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|Title:||Head marking in usage and grammar : a study of variation and change in Yucatec Maya|
Yucatecan-Core Mayan Languages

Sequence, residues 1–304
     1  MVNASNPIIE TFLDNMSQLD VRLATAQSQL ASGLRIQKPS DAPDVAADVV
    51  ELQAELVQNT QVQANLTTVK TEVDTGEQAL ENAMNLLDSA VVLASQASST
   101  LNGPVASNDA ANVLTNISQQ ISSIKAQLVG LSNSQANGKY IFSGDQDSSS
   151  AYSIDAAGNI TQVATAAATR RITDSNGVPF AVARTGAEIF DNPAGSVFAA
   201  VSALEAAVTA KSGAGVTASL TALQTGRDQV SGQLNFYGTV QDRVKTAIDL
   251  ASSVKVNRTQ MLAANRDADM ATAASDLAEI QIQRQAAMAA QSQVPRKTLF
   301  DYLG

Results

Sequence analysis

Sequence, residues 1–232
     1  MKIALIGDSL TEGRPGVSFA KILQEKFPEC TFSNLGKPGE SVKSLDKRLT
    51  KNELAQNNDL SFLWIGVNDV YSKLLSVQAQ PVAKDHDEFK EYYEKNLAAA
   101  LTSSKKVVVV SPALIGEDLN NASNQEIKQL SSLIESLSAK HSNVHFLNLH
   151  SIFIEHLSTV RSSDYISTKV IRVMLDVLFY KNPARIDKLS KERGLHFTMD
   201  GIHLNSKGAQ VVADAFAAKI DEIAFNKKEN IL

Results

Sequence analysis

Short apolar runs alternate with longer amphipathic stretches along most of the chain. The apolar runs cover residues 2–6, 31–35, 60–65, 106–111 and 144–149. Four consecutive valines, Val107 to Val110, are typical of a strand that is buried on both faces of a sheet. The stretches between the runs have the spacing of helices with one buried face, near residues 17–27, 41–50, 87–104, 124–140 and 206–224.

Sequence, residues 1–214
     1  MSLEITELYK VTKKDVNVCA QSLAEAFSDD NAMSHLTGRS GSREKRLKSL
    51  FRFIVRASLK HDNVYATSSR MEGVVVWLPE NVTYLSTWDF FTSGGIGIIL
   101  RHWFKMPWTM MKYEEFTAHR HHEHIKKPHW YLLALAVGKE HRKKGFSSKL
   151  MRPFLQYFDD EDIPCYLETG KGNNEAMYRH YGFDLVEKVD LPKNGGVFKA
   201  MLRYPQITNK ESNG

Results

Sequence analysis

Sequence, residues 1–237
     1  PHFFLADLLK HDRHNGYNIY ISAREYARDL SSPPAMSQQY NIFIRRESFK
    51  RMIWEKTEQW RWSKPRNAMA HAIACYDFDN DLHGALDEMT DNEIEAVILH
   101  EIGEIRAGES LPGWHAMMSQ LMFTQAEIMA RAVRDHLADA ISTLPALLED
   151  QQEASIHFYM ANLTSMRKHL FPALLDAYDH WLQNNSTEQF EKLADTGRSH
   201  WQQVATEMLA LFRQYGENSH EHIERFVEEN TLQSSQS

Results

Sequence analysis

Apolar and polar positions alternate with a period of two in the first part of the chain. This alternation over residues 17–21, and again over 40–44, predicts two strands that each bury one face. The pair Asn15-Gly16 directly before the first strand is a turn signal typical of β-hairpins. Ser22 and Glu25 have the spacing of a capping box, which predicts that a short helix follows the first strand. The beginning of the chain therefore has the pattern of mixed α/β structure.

|Abstract:||Many Mayan languages make use of a special dependent verb form (the Agent Focus, or AF verb form), which alternates with the normal transitive verb form (the synthetic verb form) of main clauses when the subject of a transitive verb is focused, questioned or relativized. It has been a centerpiece of research in Mayan morphosyntax over the last forty years, due to its puzzling formal and distributional properties. In this dissertation I show how a usage-oriented approach to the phenomenon can provide important insights into this area of grammar which resists any categorical explanation. I use Yucatec Maya as the lens through which to examine the phenomenon. I first show that the AF alternation is a subtype of resumptive pronoun (RP)/gap alternation. This sets the AF alternation in typological context, providing a basis for analyzing the variation, both within and across Mayan languages, as well as from a cross-linguistic perspective. The difference between Yucatec, and other types of RP/gap alternating languages lies in the locus of the alternation. Rather than involve the presence or absence of an independent pronoun, the alternation in Yucatec relates to two verb forms: one which carries a morphologically dependent subject pronoun (the synthetic verb), the other (the AF verb) which does not. I extend this analysis to a range of head-marking languages, where similar phenomena have been documented. Just like Mayan languages, such languages make use of special verb forms in dependent clauses in A-bar dependencies (wh-questions, relative clauses and clefts), which are distinguished (minimally) from their main clause counterparts by the absence of person marking inflection. And just as in Mayan, the distributions of the verbal alternants are conditioned by the same factors that are implicated in RP/gap distributions cross linguistically, providing support for the notion that they are all exemplars of the same basic phenomenon. I propose that the historical origins of these special verb forms can be traced to the emergence of head marking. Drawing on a wide range of cross-linguistic and historical data, I argue that the special verbs that occur in A-bar dependencies are byproducts of the frequency-sensitive gramaticalization process by which independent pronouns become pronominal inflection on verbs. I show that the relatively low frequency of adjacent pronoun-verb combinations in extraction contexts (where gaps are more frequent than resumptive pronouns) can give rise to asymmetric patterns of pronoun grammaticalization, and thus lead to the emergence of these morphological alternations. The asymmetric frequency distributions of gaps and RPs (within and across languages) in turn can be explained by processing preferences. I present three experiments which show that Yucatec speakers are more likely to use the resumptive verb form in embedded environments, and where the antecedent is indefinite. Specifically, these studies indicate the need to bring discourse-level processing principles into the account of what have often been taken to be autonomously sentence-internal phenomena: factors such as distance and the referential salience of the antecedent have been shown to influence referential form choice in discourse, suggesting that the same cognitive principles lie behind both types of variation. More generally, the Yucatec studies demonstrate that production preferences in Yucatec relative clauses reflect patterns of RP/gap distributions that have been attested across grammars. The Highest Subject Restriction (the ban on subject RPs in local dependencies), which is apparently a categorical constraint in many languages, is reflected probabilistically in Yucatec in terms of production preferences. The definiteness restriction (RPs are obligatory with indefinite antecedents), which has been reported categorically in other languages, is also visible probabilistically in Yucatec production. This lends some statistically robust support to the view that that typological patterns can arise via the conventionalization of processing preferences.|
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